* Best guy to be paired with: "Matt Kuchar. His demeanor never changes. He's so chill that he makes you want to relax."
* Who is the guy everybody on Tour wants to beat: "Tiger [Woods]. He's the best player in the world. Growing up, I idolized Tiger. If I ended up beating him in a tournament, it's like 'I beat my idol.'"
* Your favorite course: "Pebble Beach."
* Least favorite: "San Antonio."
* Who are the guys you hang out with: "Brian Harman and Brandt Snedeker, Lucas Glover, Johnson Wagner."
* Are you part of the "Sea Island Mafia"? "Yeah, now that I live there. I don't know if that's a good thing or a bad thing."
Harris English stood wearing shorts and shades behind the 18th green at Black Creek Club last week to watch the final blow McCallie delivered Baylor in the local prep schools' annual match-play golf event.
He would have preferred to be on a green at Atlanta's East Lake course, playing for the PGA Tour championship, but only 30 golfers in the world could do that.
English may play in that event someday, maybe even soon. The Baylor alumnus earned more than $1 million on the PGA Tour this year and is a candidate for rookie of the year.
"Starting out, all you think about is keeping your card," English said. "Then I locked that up at the Colonial and I reset my goals to make the Tour Championship. I gave it my best."
English rocketed from a star prep golfer to a key player on the University of Georgia team and one of the best amateurs in the country. He won the Nationwide Children's Hospital Classic in Columbus, Ohio, and turned down the prize money to remain an amateur and represent the United States on the 2011 Walker Cup team.
The Web.com (formerly Nationwide) Tour win gave English instant status when he turned professional. A tie for 13th at PGA Tour Qualifying school gave him status on the big-money tour.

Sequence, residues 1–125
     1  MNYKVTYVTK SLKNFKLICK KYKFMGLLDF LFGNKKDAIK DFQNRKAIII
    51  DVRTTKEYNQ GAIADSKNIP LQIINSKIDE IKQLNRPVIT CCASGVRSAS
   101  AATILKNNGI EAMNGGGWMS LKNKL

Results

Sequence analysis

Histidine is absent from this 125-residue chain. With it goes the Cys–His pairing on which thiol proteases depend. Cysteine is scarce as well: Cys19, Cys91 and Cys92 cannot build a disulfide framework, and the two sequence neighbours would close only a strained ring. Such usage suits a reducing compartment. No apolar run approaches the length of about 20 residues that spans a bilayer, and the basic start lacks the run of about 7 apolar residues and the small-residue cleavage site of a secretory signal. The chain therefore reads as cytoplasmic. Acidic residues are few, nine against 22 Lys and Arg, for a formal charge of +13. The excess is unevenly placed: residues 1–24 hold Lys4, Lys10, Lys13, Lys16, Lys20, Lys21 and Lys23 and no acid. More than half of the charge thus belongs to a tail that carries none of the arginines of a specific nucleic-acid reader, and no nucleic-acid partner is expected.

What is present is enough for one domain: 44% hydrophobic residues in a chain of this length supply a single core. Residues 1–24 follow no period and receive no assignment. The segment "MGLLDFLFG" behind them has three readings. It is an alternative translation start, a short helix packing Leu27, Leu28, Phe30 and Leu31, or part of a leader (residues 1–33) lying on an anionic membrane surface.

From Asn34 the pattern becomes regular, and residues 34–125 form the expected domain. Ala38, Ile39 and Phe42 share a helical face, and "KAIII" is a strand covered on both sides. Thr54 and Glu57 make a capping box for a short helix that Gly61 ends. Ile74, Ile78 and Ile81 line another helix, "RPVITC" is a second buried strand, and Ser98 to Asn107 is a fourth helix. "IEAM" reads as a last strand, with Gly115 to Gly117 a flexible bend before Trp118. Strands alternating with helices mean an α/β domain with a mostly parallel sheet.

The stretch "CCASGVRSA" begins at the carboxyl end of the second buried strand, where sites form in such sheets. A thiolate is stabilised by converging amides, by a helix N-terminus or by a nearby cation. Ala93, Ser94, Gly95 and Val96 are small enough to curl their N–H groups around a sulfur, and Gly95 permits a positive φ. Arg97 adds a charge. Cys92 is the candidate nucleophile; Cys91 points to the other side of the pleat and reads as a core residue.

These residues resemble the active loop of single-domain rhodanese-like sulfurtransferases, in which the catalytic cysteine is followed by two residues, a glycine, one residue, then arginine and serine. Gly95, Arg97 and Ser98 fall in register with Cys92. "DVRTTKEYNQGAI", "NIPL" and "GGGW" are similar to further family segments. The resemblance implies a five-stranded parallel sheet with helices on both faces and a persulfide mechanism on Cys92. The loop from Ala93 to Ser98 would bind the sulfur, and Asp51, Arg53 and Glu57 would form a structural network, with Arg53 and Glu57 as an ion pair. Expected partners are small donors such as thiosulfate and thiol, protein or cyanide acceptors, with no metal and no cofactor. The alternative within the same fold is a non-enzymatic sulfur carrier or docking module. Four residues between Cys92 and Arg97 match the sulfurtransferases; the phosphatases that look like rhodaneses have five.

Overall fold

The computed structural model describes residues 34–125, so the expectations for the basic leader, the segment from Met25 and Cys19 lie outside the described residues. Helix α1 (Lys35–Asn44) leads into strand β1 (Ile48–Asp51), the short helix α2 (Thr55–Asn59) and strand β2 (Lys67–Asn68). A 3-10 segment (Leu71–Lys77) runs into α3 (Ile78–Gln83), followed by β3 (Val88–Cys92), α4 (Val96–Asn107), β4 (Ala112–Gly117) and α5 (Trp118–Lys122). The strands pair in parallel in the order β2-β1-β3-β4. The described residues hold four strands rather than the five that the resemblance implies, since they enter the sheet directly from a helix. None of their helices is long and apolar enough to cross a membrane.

He took advantage.
The money he's earned - $1,062,694, to be exact - guarantees that English will be a member of the PGA Tour again next year and be eligible to play in every PGA Tour event.
"This year has been a whirlwind," he said. "I never thought, after graduating from college, that I could be right on the PGA Tour. It happened really fast, and I had to roll with it."
He tied for eighth at the RBC Heritage, for fifth at the Colonial and for 10th at the Wyndham Championship. He also missed five cuts, and he hit a volunteer on the head with his opening drive in the third round of the Players Championship.
"I played with a mentor of mine in Matt Kuchar; then coming out of the chute I pulled it a little bit, and it unraveled from there," English said. "Everybody can say you need to forget about it, but it shook me up. There was a lot of blood gushing.
"Looking back, it was a good experience and I'll know what to do if that happens again."
English has gained invaluable experience by moving to Georgia's Sea Island, where he can practice with the likes of Snedeker, Kuchar and the godfather of the so-called Sea Island Mafia, Davis Love III, this year's Ryder Cup captain for the United States. He can pick their brains or just hang out as the group's youngest member.
"A lot of those guys have gone through what I'm going through, so I try to surround myself with those guys and learn as much as I can," English said. "Davis Love and I, we've been paddleboarding a couple times. It shows me that golf is not his whole life. He does things to get his mind off golf."
English returned for the Baylor-McCallie football game and to catch up with old friends. He'll return to work Oct. 4 in Las Vegas and play the fall series in hopes of qualifying for first major of 2013.
"I have a couple goals, and one is to play in the Masters and all the majors," English said. "My main goal is to get in contention as much as I can. The best feeling in golf is when you get in the heat of the moment.
"That's the goal for every tournament. Then if I'm in contention a lot, the results will be good."